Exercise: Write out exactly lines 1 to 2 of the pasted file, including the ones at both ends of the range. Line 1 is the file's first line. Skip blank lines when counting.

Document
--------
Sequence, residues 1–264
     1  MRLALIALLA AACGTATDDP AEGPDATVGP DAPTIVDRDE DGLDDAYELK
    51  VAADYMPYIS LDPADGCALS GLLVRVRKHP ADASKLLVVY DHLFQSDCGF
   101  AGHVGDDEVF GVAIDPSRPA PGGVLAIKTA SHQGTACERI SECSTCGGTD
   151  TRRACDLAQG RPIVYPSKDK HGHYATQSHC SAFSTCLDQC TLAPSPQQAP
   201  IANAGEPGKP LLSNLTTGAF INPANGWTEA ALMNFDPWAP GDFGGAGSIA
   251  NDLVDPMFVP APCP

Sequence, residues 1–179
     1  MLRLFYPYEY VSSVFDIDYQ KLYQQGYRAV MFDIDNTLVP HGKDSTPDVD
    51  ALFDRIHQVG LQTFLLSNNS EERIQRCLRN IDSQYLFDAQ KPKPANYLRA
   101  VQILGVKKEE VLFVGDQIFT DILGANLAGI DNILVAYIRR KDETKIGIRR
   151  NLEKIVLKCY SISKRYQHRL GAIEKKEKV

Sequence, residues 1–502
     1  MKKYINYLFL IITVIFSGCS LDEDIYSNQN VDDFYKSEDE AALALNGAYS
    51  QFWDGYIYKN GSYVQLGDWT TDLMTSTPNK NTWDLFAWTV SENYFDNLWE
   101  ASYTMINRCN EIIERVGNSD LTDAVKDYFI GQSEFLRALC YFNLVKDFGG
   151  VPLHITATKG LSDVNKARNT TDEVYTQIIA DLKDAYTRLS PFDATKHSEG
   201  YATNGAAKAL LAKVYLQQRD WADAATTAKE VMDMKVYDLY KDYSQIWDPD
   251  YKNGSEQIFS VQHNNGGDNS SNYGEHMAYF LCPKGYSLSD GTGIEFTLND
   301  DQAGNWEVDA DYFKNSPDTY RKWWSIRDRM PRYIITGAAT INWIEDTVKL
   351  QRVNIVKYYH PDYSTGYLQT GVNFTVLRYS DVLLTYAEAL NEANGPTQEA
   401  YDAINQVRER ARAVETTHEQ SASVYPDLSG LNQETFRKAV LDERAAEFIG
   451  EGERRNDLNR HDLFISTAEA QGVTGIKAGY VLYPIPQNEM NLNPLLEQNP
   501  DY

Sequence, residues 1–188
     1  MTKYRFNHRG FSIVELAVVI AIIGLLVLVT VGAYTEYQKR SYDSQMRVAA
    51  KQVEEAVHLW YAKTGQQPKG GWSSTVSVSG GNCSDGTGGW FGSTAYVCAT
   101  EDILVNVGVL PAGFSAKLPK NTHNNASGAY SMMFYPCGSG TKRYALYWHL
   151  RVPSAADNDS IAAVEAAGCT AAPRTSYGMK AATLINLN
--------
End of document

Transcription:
Sequence, residues 1–264
     1  MRLALIALLA AACGTATDDP AEGPDATVGP DAPTIVDRDE DGLDDAYELK